marcel barang

A literary hoax

In English on 23/10/2009 at 3:52 pm


It took that trip to Aix-en-Provence to find out that I had fallen victim to a literary hoax in Bang Lamphoo.

Bang Lamphoo is the backpackers’ hive in Bangkok, from whose second-hand bookshops I get most of my reading material. A year or so ago, I found a copy of The Sorrow of War by Bao Ninh with the usual cover (the one pictured here) but whose pages had obviously been Xeroxed. I found that a bit surprising, but since I had previously noticed a Japanese novel also photocopied, I bought Bao Ninh’s book.sorrowofwar

I read it and found it was navel-gazing trash in indifferent English and wondered how the hell such rubbish could have been acclaimed as one of the very best novels on the Vietnam war and sold in the hundreds of thousands. I returned the book to the seller, free of charge.

As it happened, Bao Ninh was one of the nine Asian novelists invited at La Cité du Livre, all mottled-fuzzy-haired and monolingual with an interpreter in tow. Only the English version of his novel was on sale: I had a look at it and noticed two things: the book was much thicker than the one I remembered; also, it was the work of two translators, one Vietnamese and one Australian – usually a recipe for disaster. Could it be the explanation?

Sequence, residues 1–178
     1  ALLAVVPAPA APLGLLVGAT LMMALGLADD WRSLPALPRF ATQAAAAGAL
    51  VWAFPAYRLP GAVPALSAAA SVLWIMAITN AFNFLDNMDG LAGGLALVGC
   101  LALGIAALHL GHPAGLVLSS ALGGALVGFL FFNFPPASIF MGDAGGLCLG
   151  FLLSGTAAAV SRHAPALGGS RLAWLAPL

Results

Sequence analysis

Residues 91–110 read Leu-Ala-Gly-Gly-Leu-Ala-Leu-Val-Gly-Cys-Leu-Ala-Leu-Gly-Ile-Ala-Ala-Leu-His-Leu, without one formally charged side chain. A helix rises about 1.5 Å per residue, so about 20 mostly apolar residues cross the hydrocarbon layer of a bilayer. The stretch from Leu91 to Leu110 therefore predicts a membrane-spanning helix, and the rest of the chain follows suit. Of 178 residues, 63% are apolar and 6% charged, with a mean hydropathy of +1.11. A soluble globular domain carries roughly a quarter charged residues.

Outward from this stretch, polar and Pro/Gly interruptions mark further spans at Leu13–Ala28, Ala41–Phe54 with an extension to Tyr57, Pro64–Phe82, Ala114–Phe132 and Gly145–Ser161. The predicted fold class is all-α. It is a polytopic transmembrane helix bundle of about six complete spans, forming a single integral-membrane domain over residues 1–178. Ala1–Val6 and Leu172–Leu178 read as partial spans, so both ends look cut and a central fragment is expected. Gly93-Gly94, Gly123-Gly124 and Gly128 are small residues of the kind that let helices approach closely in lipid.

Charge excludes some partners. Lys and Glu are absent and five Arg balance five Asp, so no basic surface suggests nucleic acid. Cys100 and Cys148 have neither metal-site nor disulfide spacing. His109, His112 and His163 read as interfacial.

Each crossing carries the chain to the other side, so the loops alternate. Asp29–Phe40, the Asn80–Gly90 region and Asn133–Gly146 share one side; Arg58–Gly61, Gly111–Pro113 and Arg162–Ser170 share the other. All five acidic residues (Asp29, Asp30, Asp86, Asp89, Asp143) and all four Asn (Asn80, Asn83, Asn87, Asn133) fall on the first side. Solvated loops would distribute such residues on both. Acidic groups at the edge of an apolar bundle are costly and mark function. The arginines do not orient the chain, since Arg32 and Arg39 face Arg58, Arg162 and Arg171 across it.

When, on the penultimate day of the fair, Sebastian Veg – one of the translators from the Chinese present there – brandished a copy of the French version, saying he was lucky to have found it in a Hong Kong bookshop as the book was out of print in French, I went up to him and borrowed it, promising to return it the next day.

That night, it didn’t take me many pages to figure out that this novel in beautiful French was indeed a gripping masterpiece, and that the book I had bought in Bang Lamphoo under the same cover was a sham: some unscrupulous idiot had squatted Bao Ninh’s novel to peddle his own ranting. The only common point between the two books apart from the cover was that the fake story also took place during the Vietnam war.

Of course, I rushed to tell the whole story to Bao Ninh, who took it in his stride: counterfeits, he said, happen all the time where he comes from. Nonetheless, I have been feeling bad about bad-mouthing freely all along to whoever asked a book it turns out I haven’t read yet.

When I get myself a bona fide copy of the English version, my next mission in life will be to hunt for that fake book in the Bang Lamphoo bookshops, if it has survived.


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